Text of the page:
Three eye movement studies examined the role of punctuation in reading. In Experiment 1, although a comma at the end of a clause facilitated overall reading times for the sentence, first pass times were longer at the end of comma-marked clauses than clauses without a comma (or the same material in clause medial position). The data supported the dwell time hypothesis which claims that readers pause at punctuation marks. To explore the possibility that dwell time/wrap-up effects are really due to pausing at the ends of intonational phrases, Experiment 2 tested non-redundant punctuation in structures where a comma corresponds to an obligatory intonational phrase boundary in speech. The intonation hypothesis was supported for vocatives and parentheticals but not for non-restrictive relative clauses. Relative clauses were further investigated in Experiment 3. Overall, the data were consistent with the intonation explanation for wrap-up effects but only if it is assumed that non-restrictive relatives and other asides receive less attention than do other parts of a sentence.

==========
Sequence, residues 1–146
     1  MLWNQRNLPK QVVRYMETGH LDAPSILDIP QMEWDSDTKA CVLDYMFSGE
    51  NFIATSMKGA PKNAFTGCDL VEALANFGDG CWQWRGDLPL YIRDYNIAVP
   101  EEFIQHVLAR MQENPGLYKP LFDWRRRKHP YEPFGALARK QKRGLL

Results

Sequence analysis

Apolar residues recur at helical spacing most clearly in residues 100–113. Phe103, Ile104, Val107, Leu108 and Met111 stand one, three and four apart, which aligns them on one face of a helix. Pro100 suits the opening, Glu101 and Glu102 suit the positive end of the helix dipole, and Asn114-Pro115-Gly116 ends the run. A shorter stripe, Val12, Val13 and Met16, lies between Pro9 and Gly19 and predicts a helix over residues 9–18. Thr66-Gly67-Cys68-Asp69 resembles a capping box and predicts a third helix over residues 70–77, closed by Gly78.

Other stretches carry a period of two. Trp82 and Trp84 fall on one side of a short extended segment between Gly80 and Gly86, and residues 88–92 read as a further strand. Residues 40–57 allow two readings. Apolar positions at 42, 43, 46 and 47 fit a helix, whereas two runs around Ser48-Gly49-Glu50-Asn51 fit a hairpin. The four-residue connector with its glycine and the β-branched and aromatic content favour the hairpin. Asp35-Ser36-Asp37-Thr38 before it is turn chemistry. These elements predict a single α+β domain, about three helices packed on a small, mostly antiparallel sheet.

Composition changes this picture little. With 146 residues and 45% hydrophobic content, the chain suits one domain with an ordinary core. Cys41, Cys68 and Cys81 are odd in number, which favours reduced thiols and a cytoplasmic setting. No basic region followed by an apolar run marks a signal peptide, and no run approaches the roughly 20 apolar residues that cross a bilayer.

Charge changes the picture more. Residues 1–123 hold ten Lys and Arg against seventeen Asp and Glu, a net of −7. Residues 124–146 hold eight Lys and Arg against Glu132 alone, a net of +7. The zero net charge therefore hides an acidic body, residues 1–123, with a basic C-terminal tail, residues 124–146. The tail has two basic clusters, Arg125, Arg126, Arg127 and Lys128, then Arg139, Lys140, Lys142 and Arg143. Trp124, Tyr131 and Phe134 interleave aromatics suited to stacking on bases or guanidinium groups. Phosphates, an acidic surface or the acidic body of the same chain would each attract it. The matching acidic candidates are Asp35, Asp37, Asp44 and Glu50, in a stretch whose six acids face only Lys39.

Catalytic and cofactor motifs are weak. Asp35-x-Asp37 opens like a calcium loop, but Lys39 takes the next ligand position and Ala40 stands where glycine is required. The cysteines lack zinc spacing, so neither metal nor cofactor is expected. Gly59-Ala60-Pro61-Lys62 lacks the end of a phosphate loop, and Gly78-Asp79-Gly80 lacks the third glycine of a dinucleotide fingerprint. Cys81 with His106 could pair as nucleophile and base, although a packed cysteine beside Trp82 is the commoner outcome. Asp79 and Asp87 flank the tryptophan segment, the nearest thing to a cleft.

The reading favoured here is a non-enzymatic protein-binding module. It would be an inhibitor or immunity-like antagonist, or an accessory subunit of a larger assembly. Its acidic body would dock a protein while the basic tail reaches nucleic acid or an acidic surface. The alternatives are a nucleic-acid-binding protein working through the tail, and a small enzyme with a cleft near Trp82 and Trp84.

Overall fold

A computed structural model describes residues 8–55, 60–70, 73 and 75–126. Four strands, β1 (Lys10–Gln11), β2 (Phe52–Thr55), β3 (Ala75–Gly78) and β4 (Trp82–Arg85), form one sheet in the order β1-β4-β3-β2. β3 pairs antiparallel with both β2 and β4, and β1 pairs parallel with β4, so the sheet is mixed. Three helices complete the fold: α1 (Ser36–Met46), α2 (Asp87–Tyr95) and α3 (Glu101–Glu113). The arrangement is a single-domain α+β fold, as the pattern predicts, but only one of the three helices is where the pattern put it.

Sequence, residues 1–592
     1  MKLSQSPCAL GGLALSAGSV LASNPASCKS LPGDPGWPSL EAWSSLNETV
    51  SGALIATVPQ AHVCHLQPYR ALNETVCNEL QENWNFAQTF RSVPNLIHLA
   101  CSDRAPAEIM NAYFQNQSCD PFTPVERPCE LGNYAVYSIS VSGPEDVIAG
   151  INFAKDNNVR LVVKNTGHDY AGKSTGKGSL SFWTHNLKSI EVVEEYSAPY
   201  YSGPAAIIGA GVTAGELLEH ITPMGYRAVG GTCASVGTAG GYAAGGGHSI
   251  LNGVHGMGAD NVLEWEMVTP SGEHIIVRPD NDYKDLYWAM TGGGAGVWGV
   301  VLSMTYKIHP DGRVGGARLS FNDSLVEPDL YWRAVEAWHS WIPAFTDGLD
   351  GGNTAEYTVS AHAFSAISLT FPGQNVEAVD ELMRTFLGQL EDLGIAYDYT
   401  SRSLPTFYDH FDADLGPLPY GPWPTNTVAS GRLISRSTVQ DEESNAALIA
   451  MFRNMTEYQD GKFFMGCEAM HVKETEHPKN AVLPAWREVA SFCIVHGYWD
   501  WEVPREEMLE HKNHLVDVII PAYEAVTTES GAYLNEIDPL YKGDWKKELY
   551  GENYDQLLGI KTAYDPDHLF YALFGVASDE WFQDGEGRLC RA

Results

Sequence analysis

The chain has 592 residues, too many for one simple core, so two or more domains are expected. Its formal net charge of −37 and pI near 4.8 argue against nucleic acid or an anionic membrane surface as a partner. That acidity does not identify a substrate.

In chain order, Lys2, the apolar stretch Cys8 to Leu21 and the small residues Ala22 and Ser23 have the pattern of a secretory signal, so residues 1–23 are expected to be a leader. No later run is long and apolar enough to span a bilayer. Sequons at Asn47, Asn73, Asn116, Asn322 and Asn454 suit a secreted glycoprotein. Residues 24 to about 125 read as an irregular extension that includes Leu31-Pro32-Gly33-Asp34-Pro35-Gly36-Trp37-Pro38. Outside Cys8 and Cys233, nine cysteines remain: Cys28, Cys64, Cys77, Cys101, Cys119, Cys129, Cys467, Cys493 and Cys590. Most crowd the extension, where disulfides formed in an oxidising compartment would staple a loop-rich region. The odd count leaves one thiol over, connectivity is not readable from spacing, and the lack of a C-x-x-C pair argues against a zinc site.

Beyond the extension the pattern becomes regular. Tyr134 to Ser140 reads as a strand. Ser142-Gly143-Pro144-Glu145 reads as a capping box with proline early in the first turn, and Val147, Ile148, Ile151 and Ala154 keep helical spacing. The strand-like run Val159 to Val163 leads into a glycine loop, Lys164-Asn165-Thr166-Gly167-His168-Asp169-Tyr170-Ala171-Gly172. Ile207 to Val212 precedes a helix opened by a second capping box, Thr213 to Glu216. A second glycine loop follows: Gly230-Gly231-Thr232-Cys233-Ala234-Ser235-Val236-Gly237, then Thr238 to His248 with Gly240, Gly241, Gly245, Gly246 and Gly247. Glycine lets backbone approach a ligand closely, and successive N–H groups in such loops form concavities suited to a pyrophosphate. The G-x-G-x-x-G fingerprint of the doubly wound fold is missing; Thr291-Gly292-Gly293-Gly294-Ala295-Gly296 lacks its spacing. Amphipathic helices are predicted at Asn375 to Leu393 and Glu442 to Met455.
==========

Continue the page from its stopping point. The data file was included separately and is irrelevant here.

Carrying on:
Clause wrap-up, Eye movements, Intonation, Reading, Sentence wrap-up
Journal of Memory and Language
School of Linguistics and Language Studies

Hirotani, M, Frazier, L. (Lyn), & Rayner, K. (Keith). (2006). Punctuation and intonation effects on clause and sentence wrap-up: Evidence from eye movements. Journal of Memory and Language, 54(3), 425–443. doi:10.1016/j.jml.2005.12.001